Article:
For Kant, the aesthetic experience of beauty depends on the harmonic free-play of imagination, uninhibited by concept but accentuated by pleasure. Nevertheless, to function as ‘free harmonies’ such an experience of beauty would seem to require ideas. This leads to a need to distinguish between a constitutive concept and a normative idea. Concepts are the primary categories of the understanding, attendant to specific sensible instances. As sense perceptions conform to concepts, the categories serve as ‘rules’ allowing us to identify common relations between representations. In this formulation, the understanding is the mental faculty through which knowledge obtains, enabling thought of objects. Ideas are higher-level thoughts that frame other thoughts, but do not form fundamental categories of the understanding. Ideas are thus representations that give rise to metaphysical beliefs. Ideas are special thoughts, which arise out of our knowledge of the empirical world, yet seem to point beyond observable nature to some transcendent realm.
“Reason, when employed in the field of experience, does not stand in need of criticism, because its principles are subjected to the continual test of empirical observation.” – Immanuel Kant
Circle the issue
Mexican dwellings, built into an ocean hillside, coordinate geometrically.
“That’s what artists do: they make views they wish to prevail. They wish their moral and political construction of the visual world to be the way the world looks, to be the way people look at the world.” – Dave Hickey
Wavelength far from home
Sturdy architecture sloping down to Playa La Ropa encourages remembrances of a concise visit to Zihuatanejo.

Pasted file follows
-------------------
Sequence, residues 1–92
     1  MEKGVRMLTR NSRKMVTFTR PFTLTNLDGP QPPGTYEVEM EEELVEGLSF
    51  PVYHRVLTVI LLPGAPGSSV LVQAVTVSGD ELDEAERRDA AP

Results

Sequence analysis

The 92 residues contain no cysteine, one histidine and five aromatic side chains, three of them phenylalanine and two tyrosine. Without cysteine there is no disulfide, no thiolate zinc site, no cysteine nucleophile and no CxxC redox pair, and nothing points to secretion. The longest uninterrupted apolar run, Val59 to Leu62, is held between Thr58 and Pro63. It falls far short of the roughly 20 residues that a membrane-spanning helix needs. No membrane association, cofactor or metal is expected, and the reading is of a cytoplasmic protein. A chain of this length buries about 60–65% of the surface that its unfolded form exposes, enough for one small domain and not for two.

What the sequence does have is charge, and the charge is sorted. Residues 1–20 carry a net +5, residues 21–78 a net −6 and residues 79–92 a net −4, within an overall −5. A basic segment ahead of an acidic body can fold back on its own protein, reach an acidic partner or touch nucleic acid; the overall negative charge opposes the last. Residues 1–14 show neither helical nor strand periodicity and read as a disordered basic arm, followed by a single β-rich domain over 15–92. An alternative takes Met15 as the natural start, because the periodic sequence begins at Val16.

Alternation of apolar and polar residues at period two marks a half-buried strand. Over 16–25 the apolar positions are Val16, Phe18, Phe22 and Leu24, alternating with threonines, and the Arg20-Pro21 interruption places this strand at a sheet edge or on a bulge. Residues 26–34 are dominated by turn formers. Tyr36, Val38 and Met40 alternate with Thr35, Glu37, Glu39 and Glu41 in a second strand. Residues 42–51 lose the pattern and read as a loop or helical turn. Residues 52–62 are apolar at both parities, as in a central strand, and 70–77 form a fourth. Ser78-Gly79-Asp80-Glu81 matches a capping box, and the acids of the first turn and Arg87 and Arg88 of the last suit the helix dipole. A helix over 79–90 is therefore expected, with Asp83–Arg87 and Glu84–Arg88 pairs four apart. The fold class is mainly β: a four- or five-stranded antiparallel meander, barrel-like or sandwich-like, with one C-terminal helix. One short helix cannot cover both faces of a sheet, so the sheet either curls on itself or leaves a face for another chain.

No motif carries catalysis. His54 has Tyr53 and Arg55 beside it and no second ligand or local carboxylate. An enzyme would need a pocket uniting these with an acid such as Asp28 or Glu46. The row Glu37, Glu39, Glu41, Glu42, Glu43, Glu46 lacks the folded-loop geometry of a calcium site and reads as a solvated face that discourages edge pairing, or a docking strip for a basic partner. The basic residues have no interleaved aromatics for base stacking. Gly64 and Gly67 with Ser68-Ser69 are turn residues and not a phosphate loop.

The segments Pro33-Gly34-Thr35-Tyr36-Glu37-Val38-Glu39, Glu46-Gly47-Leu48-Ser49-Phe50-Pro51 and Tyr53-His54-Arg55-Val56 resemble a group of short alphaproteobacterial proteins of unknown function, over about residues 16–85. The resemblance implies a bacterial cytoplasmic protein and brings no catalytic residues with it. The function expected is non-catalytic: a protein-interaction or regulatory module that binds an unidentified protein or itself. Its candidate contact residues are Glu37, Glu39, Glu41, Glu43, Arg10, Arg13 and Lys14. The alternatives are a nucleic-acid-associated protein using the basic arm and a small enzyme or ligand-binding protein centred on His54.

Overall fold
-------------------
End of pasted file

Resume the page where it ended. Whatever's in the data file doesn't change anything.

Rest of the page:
“Feel a hot wind on my shoulder, and the touch of a world that is older. Turn the switch and check the number, leave it on when in bed I slumber.” – Stan Ridgway
Arriving at the terminal drop-off point, a sensuous, curvaceous aesthetic impresses from close-up. Fantasy enchants through its own recreations.
“Engaging actively and intelligently with artworks involves exercising one of the aptitudes most closely associated with making them.” – James Grant
Allegorical structuralism located at the entrance edifice elicits attention. The semblance of order is comforting in the face of certain ambiguity.
“The general theoretical sciences form a kind of hierarchy in which each higher step is erected on the basis of the one below it.” – Franz Brentano
As an added bonus of a building’s means of access, strong directional sunlight illuminates the geometrical entrance feature. It is always nice when boundary nodes elicit moments of contemplation.
“This plot has taken shape in theoretical discourses and in practical attitudes, in modes of individual perception and in social institutions.” – Jacques Ranciere
Myth with form
Organizing experience in an aesthetic state of mind as a component of external exploration, a geometrical abstraction is extracted from a seaside town structural detail. Inspiration arises from a wide range of unpredictable sources.
“There is no manifold of coexisting ideas; the notion of such a thing is a chimera. Whatever things are thought in relation are thought from the outset in a unity, in a single pulse of subjectivity, a single psychosis, feeling, or state of mind.” – William James
An interesting structure caught my attention while riding around in a Zihuatanejo taxicab.
“A day tripper, a one way ticket yeah.” – John Lennon
Designed to protect
Sometimes events pass-by so rapidly that what remains is a vague impression. Nevertheless, such memory animates our histories, informing current actions. Remembering, perceiving, and imagining are all closely interacting in practical experience.
“A house constitutes a body of images that give mankind proofs or illusions of stability.” – Gaston Bachelard
On the way
Ontological foundations encourage imagination to reign in the organism-environmental interface. In this way, expressive architectural details find their meaning related to forms of human embodiment.
“Architecture is basically a container of something. I hope they will enjoy not so much the teacup, but the tea.” – Yoshio Taniguchi